(Reuters) - Goldman Sachs Group Inc (GS.N) posted a 23 percent decline in quarterly earnings after it dialed down risk-taking in tricky markets, and clients also reduced their appetite for bets.
The results show just how much the new regulatory environment, as well as recent market tumult, are spurring Goldman Sachs to take less risk. It is a real turnabout for the bank, which in the years leading up to the financial crisis was one of the most aggressive on Wall Street.
A measure of Goldman’s risk-taking fell 16 percent from the same quarter last year and 29 percent from the fourth quarter. The bank said it was boosting its dividend, which to some analysts is a signal that it sees fewer opportunities for making money in markets.
“We have been cautious on risk and we remain cautious on risk given the environment,” Goldman Chief Financial Officer David Viniar said on a conference call Tuesday morning. “And I think that is also reflective of the fact that our clients have been cautious on risk and remain cautious on risk.”
As part of its de-risking strategy, Goldman sold $2.5 billion worth of its stake in Chinese bank ICBC (1398.HK) this week. Goldman has held a stake in the bank since 2006, but the investment has been a volatile one in recent years, alternating between quarterly gains and losses of $905 million and $1.05 billion, respectively, since 2010.
Goldman’s ICBC investment is now worth just under $2 billion, Viniar said, describing the stake reduction as “purely a de-risking sale” because it had gotten too big.
In fixed income, currency and commodities trading, one of the biggest sources of profit for the bank over the last decade, Goldman highlighted interest-rate products as a bright spot and said other major businesses reported lower revenue.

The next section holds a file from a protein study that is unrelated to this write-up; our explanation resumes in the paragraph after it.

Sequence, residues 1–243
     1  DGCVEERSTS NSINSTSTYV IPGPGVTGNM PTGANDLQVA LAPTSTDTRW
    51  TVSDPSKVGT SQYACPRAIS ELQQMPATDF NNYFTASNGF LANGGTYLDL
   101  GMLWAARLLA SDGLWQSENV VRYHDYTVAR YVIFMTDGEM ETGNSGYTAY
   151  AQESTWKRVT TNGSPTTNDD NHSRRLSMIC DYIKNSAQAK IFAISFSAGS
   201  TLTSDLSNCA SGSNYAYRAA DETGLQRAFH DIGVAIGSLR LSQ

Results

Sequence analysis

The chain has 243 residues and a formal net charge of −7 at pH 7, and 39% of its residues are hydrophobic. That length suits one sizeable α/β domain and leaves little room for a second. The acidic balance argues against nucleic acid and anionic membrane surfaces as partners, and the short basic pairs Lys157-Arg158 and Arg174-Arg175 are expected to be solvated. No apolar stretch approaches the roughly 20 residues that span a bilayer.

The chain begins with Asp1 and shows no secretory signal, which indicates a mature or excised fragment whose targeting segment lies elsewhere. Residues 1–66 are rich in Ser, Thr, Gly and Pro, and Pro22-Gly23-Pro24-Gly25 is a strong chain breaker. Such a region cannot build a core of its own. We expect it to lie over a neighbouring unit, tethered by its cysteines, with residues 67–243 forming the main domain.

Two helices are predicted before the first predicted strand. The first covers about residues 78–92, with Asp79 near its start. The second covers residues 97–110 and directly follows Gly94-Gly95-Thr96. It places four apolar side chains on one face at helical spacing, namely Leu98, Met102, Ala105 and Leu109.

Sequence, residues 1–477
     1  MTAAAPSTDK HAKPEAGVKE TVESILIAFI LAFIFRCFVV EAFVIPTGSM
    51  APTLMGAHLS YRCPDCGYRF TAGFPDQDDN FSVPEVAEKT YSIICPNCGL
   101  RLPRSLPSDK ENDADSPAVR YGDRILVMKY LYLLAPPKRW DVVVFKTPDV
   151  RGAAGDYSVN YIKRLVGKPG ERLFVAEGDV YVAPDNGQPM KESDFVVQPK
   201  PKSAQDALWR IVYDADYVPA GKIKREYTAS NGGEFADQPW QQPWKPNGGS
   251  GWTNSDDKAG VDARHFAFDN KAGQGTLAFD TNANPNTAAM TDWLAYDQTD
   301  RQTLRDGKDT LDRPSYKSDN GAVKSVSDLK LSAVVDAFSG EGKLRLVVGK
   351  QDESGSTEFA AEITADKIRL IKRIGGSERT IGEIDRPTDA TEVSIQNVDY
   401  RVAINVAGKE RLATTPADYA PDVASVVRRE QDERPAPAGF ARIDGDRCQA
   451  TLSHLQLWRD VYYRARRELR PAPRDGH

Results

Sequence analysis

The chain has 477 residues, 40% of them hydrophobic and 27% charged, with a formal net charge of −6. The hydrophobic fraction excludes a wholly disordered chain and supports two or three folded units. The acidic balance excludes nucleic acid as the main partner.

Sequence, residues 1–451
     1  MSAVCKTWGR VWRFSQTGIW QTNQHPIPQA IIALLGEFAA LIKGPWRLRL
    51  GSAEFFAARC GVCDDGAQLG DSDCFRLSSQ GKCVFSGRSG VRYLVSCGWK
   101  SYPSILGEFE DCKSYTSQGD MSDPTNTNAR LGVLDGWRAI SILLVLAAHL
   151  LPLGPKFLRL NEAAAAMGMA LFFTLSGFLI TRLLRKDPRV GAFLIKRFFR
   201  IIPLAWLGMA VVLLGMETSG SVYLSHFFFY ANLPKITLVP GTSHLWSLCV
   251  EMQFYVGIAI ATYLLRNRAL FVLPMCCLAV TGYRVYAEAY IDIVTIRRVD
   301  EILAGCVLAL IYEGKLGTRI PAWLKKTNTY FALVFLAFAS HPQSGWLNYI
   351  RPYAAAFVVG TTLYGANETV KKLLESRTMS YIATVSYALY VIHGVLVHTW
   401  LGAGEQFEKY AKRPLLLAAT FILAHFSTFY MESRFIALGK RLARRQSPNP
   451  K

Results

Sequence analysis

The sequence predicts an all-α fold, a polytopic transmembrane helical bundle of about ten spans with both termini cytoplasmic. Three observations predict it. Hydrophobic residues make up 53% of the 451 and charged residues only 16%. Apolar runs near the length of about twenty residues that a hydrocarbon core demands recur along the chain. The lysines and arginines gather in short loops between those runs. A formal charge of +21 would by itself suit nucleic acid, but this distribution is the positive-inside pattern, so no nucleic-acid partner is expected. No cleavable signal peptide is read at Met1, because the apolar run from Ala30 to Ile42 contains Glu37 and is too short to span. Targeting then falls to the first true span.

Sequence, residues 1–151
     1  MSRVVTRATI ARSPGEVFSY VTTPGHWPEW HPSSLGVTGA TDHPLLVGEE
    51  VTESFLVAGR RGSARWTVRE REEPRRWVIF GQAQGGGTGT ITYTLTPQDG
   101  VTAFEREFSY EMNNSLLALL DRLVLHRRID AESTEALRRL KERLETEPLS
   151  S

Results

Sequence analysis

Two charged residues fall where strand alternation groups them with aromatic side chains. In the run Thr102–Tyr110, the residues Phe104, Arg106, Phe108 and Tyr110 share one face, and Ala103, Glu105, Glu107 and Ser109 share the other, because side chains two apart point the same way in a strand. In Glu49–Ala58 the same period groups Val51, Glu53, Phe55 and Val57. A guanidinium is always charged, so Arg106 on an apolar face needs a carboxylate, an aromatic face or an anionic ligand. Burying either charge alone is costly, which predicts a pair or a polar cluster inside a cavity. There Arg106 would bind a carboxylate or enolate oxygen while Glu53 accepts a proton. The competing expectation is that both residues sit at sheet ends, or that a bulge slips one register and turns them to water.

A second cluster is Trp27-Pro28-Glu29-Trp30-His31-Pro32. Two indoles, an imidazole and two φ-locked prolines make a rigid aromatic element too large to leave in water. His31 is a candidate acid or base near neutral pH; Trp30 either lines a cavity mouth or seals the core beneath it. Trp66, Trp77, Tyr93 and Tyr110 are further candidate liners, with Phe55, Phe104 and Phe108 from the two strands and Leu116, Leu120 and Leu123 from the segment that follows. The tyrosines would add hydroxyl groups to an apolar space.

In another move that made the Wall Street firm look a little more like a run-of-the-mill commercial bank, Goldman raised its dividend 31 percent to 46 cents per share.
It is only the third dividend increase since the bank went public in 1999. It last raised the dividend in 2006. Goldman executives have repeatedly said they prefer using capital for business investments, or returning money to shareholders through stock buybacks.
The decision to raise the dividend came after pressure from shareholders, Viniar said, but management expects buybacks to be “the predominance of our capital management activity.”
The bank spent $362 million to buy back 3.3 million shares during the first quarter, on the heels of a $6 billion buyback program in 2011. Management is authorized by Goldman’s board to repurchase another 60.3 million shares.
Goldman’s new dividend represents a payout ratio of 27 percent of its average earnings over the past four quarters.
Its chief Wall Street rival, Morgan Stanley (MS.N), pays a quarterly dividend of 15 cents per share, which represented 54 percent of average 2011 quarterly earnings. Morgan Stanley, which reports first-quarter results on Thursday, has said it will not increase its dividend in the near term because it plans to use capital to buy a greater portion of its Morgan Stanley Smith Barney joint venture with Citigroup.
But JPMorgan Chase (JPM.N) and Wells Fargo & Co (WFC.N) both recently raised dividends when announcing first-quarter results. JPMorgan’s upcoming quarterly dividend of 30 cents per share represented 27 percent of average earnings for the past four quarters. Wells Fargo’s dividend of 22 cents per share represented an average payout ratio of 30 percent.